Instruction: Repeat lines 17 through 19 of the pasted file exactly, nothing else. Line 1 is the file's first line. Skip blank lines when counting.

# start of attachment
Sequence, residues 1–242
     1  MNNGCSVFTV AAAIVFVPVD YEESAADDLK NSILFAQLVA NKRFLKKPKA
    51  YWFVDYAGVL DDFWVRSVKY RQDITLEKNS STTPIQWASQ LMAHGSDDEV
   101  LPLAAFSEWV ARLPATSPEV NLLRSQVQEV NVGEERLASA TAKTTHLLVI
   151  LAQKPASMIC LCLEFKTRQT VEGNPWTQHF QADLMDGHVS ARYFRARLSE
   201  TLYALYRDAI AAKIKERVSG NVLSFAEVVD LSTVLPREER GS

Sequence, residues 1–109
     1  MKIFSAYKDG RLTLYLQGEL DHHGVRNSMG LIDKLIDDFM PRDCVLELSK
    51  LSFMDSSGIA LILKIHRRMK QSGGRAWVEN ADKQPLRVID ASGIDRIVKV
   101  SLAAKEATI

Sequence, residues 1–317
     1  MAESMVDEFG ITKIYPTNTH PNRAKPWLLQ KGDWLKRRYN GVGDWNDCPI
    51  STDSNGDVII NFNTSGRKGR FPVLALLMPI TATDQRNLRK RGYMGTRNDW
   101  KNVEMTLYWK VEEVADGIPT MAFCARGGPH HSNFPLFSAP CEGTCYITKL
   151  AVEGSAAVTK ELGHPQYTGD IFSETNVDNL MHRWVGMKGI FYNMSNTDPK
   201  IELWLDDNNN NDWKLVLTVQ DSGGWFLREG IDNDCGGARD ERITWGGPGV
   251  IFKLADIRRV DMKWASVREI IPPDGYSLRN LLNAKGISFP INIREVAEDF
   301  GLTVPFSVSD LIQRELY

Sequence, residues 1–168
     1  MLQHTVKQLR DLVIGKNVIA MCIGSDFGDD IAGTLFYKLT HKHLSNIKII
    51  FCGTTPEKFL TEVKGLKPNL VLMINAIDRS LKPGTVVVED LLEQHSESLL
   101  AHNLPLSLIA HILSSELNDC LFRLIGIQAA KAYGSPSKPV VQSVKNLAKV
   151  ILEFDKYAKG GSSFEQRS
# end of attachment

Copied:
   251  IFKLADIRRV DMKWASVREI IPPDGYSLRN LLNAKGISFP INIREVAEDF
   301  GLTVPFSVSD LIQRELY

Sequence, residues 1–168